This is 2011 and their counterparts around the world with whom they will be competing in a few short years are decidedly not learning Creationism in their biology classes.

Topic: Tech Industry

Christopher Dawson

About Christopher Dawson

Chris Dawson is a freelance writer, consultant, and policy advocate with 20 years of experience in education, technology, and the intersection of the two.

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  • evolution is only a theory

    I am not sure if you are aware, Chris, that evolution is yet to be proved. Scientists cannot agree on the certainty of evolution.

    Teching about Adam and Eve - well, if it is true, why not? I certainly do not want my kid to be taught a lie, just because it sounds more reliable than the crazy truth.
    zhoro35
    • You are aware that there is TONS of evidence of evolution

      @zhoro35 while there is ZERO evidence of creationism?

      One theory is based on measurable facts, while the other is base of tall tails of superstition created by religious bureaucrats trying to control the masses with fear.
      wackoae
      • RE: 13% of US biology teachers advocate creationism: Welcome to 2011

        @wackoae Bull shit! The Bacterial Flagellum is an organism that disproves Evolution by Darwin's own claim...

        Darwin admitted that if such a complex organism did exist his theory would be blown apart.

        Also, it isn't creationism as the moronic author referred to it, it is Intelligent Design which says there was intelligence behind the design of Creation and that it was not all an accident...

        The theory of ID never once pins itself to Adam and Eve!
        slickjim
      • @Petter Perry. Actually, Bacterial Flagellum is data that helps Evolution.

        @Petter Perry

        Just the opposite. There are have been multiple findings of Bacterial Flagellum and different components. The amazing thing is, they have been able to piece together the "evolution" and generation of Bacterial Flagellum from simple to complex.

        The amazing thing that the whakos don't get is that a trait can change its function while getting more complex. A simple Bacterial Flagellum might only act as a simple "stinger" while a more complex one might include a protein to induce rotation. Now it is a propeller.

        Cool. no?

        Bet you are too weak in your faith to learn as well. Might explain your love of Windows.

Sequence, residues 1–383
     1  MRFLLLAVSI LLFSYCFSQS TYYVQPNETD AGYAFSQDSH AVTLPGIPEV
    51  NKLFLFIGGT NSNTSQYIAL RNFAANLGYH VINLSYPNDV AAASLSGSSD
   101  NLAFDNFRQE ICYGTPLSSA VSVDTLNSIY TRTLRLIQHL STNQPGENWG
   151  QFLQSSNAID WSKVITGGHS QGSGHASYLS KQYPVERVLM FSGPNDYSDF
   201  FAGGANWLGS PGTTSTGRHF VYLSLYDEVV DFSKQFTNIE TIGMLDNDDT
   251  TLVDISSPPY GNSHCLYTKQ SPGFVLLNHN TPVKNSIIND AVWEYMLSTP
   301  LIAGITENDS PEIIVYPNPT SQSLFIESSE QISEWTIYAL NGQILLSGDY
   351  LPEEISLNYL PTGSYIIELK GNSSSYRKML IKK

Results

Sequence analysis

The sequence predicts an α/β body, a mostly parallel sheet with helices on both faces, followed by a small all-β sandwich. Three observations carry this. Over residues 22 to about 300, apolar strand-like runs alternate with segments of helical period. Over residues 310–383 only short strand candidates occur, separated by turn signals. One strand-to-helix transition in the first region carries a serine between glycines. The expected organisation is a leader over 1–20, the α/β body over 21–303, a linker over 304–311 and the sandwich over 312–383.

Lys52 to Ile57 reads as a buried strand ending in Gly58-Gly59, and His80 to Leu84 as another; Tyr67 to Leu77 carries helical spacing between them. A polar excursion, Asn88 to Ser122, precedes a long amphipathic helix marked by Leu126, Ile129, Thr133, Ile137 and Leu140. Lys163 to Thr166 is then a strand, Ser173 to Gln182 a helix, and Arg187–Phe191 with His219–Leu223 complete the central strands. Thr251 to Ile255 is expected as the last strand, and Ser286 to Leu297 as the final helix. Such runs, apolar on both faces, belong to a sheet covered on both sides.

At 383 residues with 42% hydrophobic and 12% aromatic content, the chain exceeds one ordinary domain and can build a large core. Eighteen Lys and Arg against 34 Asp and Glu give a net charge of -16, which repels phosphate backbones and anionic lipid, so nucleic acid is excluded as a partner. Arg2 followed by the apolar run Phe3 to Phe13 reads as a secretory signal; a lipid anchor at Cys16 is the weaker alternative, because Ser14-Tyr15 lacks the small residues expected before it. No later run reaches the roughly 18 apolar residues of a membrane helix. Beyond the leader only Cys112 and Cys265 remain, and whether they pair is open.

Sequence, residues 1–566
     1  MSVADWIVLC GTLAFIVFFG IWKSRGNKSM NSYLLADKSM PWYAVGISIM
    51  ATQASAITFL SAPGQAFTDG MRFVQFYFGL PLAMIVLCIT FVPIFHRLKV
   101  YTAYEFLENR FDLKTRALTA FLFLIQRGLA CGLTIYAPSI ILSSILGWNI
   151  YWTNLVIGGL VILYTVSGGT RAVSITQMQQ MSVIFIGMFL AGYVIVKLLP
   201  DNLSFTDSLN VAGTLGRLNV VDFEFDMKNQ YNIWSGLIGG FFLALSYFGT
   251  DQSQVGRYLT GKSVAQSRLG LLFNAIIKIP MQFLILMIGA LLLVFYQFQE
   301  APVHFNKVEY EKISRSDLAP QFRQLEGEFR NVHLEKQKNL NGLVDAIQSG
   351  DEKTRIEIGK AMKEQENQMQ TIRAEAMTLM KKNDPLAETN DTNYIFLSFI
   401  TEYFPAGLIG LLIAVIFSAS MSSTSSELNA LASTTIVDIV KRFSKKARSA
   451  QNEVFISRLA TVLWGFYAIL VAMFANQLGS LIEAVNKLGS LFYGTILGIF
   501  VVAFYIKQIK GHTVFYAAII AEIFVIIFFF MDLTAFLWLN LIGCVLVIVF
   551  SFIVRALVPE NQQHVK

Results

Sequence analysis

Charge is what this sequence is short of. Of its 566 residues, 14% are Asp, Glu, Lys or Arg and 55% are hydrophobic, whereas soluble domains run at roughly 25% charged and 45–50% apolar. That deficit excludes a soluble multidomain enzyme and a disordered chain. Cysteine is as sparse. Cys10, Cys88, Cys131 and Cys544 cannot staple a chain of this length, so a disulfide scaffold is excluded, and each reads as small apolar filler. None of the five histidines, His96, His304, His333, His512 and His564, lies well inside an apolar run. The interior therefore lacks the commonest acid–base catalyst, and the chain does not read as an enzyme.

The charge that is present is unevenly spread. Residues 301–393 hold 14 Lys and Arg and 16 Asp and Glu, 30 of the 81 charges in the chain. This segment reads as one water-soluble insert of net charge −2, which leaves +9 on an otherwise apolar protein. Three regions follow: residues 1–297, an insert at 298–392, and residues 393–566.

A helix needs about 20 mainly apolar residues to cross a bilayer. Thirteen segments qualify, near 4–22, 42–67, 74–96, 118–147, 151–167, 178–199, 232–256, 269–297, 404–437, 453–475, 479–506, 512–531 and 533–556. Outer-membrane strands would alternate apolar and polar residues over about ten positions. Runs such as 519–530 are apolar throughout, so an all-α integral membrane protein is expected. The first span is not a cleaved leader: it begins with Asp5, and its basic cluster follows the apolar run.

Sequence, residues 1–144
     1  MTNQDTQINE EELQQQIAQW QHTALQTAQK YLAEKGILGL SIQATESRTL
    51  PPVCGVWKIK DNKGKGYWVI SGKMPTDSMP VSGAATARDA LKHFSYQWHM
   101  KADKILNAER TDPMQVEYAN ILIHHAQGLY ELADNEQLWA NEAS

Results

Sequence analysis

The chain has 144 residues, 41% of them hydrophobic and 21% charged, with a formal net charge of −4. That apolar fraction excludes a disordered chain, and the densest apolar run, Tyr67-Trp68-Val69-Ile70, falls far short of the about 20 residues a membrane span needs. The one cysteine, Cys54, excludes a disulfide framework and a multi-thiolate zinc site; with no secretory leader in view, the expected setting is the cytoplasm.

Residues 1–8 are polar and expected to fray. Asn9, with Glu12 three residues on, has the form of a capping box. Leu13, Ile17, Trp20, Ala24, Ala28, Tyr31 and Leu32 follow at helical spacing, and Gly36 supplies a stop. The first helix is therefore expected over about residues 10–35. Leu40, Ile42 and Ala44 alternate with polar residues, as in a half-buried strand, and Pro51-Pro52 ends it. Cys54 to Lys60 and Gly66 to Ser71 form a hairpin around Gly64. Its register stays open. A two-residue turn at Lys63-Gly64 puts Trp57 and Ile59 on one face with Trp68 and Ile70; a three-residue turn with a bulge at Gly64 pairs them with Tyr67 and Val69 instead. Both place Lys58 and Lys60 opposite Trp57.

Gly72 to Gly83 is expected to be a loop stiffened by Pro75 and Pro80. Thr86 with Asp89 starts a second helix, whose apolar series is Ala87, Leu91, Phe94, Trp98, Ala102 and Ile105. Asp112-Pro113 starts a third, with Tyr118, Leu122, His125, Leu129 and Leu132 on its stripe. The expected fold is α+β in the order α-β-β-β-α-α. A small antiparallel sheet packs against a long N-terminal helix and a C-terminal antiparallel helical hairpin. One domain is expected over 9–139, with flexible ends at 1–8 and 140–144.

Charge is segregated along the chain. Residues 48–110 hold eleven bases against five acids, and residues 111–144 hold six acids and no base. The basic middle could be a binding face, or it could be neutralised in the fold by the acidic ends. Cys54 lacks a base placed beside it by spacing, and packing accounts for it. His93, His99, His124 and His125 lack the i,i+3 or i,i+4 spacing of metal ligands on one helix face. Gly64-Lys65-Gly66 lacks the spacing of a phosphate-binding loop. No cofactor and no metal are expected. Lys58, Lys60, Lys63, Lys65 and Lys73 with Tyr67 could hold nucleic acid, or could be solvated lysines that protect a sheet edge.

Bruizer
      • RE: 13% of US biology teachers advocate creationism: Welcome to 2011

        @bruizer you cannot take multiple varieties of Bacteria and claim they evolved from each other... That's not realistic and outlines another flaw in the theory... To take away pieces of the flagellum removes the function that it previously had regardless of the proteins perform a different function... Thus it is irreversibly complex (seriously, just because a chair and a car might have nuts and bolts does not make them evolutionary products even if the car has a seat).<br><br>Dawkins was asked to show evidence of just one such example of such an evolutionary product and he made the person conducting the interview shut off the recorder then later came back and skirted the issue saying, it doesn't work like that, the things around us now are our cousins and yet we supposedly evolved from Monkeys so, why do we still have Monkeys? Speaking of which, where is the missing link. <br><br>And you're a Mac fan because you like it when authoritarian types tell you what to believe. Now go think with your collective...<br><br>As for Windows, I use it because all my software works in it and did not directly port to Linux or Mac but I use Linux as well for other tests and such.
        slickjim
      • @Petter Perry. That is exactly what you do.

        <i>"take multiple varieties of Bacteria and claim they evolved from each other..."</i>

        That is exactly what you do. That is the basis of evolutionary theory. To take different species and show a related trend of change.

        <i>"To take away pieces of the flagellum removes the function that it previously had regardless of the proteins perform a different function..."</i>